BOFIT Viikkokatsaus / BOFIT Weekly 2018/34

The changes to the tax laws signed by president Putin early this month enter into force at the beginning of 2019. Although the value-added tax will generally rise from 18 % to 20 %, it will remain at 10 % for certain foods, children's goods, printed publications and pharmaceuticals. The economy ministry notes the full VAT rate applies to about three-quarters of goods and services. A zero VAT rate will be extended to cover domestic flights to and from the Russian Far East.

Excise taxes on alcoholic spirits and beer will remain unchanged next year, while the tobacco tax goes up by 10 %. Excise taxes on alcohol and tobacco will be adjusted in 2020−21 to keep up with the projected inflation rate, i.e. 4 % p.a., while taxes on tobacco products will go up slightly faster. Excise taxes on passenger cars will be adjusted for inflation. Taxes on motor fuels rise by 10 % next year from their level in the first half of this year (they have been reduced for the rest of this year to contain price increases). After 2019 they will be adjusted to roughly keep pace with inflation. Taxes on lower-grade gasolines, however, will remain unchanged in 2019−20 and the tax on heavy fuels used e.g. by cargo ships will stay at 0 % during 2019−21.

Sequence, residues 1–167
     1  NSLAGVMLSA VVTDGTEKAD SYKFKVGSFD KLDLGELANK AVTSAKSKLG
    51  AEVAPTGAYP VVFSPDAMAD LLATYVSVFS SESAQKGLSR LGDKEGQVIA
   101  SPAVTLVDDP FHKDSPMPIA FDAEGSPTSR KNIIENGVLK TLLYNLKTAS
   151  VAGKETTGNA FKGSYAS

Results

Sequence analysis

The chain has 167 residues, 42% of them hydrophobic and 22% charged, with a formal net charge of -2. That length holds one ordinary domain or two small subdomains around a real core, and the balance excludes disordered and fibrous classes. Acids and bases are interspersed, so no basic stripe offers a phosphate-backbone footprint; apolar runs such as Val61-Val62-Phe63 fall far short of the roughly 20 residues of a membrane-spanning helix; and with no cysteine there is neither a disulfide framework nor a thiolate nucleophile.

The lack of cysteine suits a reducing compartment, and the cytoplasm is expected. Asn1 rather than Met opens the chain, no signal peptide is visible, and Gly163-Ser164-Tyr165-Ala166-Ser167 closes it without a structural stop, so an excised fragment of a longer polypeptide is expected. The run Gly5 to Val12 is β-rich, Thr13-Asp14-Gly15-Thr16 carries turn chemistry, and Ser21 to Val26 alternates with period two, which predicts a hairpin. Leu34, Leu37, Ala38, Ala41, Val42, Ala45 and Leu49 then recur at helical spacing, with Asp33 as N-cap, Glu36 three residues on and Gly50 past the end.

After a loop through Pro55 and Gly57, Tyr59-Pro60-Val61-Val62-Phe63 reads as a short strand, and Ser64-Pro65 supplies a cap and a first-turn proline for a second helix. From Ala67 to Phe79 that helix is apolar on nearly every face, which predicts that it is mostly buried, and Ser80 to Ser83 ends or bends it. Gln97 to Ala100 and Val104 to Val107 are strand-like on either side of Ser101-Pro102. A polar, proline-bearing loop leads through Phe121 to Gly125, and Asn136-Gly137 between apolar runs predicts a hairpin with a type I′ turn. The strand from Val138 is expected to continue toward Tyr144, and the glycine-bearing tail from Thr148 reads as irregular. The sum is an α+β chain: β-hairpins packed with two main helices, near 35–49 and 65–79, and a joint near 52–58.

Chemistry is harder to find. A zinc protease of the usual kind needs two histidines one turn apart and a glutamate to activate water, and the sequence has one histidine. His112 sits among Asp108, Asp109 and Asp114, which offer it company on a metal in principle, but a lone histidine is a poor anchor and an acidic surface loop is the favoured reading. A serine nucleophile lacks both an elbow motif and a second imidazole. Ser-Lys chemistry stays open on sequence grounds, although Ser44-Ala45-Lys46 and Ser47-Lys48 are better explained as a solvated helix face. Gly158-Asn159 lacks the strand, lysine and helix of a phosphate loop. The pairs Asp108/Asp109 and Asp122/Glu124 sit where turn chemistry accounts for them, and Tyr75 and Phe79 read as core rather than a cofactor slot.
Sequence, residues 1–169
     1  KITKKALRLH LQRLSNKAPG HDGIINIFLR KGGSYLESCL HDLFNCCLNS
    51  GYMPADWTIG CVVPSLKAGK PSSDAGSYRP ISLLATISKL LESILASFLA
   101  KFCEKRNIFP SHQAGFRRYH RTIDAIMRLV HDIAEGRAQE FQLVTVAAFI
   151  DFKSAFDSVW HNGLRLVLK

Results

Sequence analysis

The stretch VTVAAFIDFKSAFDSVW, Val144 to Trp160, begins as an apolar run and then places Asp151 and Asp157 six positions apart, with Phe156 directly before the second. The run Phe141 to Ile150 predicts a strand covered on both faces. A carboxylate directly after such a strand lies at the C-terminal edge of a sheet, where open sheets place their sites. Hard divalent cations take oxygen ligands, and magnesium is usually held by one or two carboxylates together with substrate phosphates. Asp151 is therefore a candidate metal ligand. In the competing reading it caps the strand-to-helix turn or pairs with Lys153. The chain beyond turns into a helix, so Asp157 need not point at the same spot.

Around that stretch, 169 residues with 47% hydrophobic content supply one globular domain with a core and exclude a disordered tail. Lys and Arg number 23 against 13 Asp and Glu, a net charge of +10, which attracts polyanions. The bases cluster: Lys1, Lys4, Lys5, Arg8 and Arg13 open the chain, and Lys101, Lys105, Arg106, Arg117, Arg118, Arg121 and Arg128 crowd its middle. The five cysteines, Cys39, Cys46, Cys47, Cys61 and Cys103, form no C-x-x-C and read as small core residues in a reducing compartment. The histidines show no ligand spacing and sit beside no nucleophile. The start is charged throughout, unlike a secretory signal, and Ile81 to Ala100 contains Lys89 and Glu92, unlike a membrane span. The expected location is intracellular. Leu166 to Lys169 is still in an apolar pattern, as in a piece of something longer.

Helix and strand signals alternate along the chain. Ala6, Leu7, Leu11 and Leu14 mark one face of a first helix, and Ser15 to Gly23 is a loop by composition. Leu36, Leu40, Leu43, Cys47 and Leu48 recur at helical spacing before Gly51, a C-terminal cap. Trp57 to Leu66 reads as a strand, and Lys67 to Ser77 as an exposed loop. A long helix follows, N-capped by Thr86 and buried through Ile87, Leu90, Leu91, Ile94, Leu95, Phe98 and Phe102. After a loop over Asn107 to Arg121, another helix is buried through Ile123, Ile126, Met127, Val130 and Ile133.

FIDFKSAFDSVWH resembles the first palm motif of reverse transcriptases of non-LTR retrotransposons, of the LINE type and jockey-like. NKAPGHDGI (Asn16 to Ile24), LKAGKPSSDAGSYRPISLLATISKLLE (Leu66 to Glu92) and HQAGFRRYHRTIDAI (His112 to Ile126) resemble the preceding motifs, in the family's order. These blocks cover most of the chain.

The revisions of tax laws keep the combined rate (based on wages) for mandatory social contributions at 30 % as the component going to the Pension Fund will remain at 22 %. Regional budgets will get some relief as regions will no longer have to pay social taxes into the health insurance fund for designated special groups of non-working people.

The tax on the physical capital of companies, which was limited to a maximum of about 2 %, will no longer apply to moveable assets (the tax will remain e.g. for buildings). As the tax has partly covered even relatively new production capital, it has been deemed to burden production while not doing very much to encourage investment. Unified principles will be applied to define the tax bases for taxes on real estate and the land tax.